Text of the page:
Things to Do in Yosemite National Park
The highest measured waterfall in North America and the sixth-highest in the world, Yosemite Falls is the superstar attraction in Yosemite National Park. With a cumulative drop of 2,425 feet (739 meters), Yosemite Falls comprises three falls and is especially stunning in late spring when the snow melts and water flow is at its peak.
Yosemite National Park’s Glacier Point affords an incomparable bird’s-eye view over Yosemite Valley, Half Dome, and Yosemite Falls, all with very little physical effort involved. The small Geology Hut, to the side of the paved trail leading to the main overlook, shows how the valley has changed over the course of the last 10 million years.
El Capitan is the largest exposed-granite monolith in the world and among the most popular rock-climbing destinations in the US. Rising 3,593 feet (1095 meters) above Yosemite Valley, El Capitan was once considered impossible to climb. However, since Warren Harding first conquered the "nose" in 1958, El Capitan has become the standard for big-wall climbing.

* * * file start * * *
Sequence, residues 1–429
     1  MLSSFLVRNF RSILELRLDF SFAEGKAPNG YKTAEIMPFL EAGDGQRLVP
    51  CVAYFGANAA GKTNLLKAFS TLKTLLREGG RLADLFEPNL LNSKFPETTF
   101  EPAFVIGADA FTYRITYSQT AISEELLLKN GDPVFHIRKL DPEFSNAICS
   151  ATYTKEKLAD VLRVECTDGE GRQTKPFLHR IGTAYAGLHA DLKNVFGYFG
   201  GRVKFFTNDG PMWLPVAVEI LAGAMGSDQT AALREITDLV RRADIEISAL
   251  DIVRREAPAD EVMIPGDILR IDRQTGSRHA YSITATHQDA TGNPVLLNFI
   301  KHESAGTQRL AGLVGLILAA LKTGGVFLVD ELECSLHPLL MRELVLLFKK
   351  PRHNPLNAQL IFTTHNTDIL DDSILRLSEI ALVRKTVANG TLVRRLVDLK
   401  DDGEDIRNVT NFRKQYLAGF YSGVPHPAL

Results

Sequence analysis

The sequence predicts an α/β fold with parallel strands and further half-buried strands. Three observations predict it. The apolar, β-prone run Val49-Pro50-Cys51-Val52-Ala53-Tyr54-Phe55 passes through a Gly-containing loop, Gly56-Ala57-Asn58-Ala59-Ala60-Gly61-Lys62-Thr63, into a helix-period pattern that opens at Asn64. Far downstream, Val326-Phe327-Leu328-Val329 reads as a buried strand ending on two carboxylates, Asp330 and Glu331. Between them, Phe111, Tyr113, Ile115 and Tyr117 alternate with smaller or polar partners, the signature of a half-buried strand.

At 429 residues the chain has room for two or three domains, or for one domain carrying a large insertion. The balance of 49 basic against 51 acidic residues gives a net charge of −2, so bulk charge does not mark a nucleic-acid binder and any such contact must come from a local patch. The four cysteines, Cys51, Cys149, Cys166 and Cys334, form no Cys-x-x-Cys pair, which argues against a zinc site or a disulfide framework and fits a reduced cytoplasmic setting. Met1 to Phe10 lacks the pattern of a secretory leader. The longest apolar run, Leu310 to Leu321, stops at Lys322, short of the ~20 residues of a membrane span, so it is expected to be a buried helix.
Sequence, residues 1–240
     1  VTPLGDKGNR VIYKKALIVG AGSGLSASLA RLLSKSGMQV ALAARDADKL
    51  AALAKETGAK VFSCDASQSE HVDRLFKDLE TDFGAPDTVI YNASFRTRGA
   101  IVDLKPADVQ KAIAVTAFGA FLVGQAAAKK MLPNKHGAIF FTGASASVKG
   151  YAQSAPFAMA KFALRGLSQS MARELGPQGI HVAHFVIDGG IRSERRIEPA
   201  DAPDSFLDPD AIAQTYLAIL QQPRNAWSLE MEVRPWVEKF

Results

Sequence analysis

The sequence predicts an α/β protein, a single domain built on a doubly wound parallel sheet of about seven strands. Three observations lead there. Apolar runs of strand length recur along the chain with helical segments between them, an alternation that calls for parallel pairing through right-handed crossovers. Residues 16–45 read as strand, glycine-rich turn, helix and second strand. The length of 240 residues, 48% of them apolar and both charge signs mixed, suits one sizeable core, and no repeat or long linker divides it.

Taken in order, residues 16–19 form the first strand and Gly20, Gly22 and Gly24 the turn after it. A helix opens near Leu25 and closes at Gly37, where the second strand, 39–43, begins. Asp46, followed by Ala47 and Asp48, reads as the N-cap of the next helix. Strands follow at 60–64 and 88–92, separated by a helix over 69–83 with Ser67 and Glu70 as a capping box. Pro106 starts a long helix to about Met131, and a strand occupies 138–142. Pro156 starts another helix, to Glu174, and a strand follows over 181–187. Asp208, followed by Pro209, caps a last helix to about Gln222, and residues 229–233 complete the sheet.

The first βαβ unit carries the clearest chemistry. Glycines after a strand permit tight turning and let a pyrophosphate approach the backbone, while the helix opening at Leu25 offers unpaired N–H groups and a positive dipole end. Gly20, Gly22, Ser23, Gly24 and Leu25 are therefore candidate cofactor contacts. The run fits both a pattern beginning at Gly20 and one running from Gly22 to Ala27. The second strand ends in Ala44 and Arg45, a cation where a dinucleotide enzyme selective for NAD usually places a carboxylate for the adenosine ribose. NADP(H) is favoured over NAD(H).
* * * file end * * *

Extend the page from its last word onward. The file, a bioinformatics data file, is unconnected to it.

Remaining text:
As you drive north on Highway 41 towards Yosemite Valley, you'll pass through a tunnel and, on other side, you'll be treated to an epic view: Bridalveil Fall spills over granite cliffs into a verdant valley while El Capitan and Half Dome stand sentry. Originally constructed in 1933, Tunnel View is the most famous—and visited—scenic overlook in Yosemite.
A 2008 renovation included a more accessible viewing area, improved traffic flow and educational exhibits. Every vista from Tunnel View is picture-worthy, but for frame-worthy light, try to time your stop at Tunnel View to coincide with sunset, when the light turns to shadow and sweeps across the valley.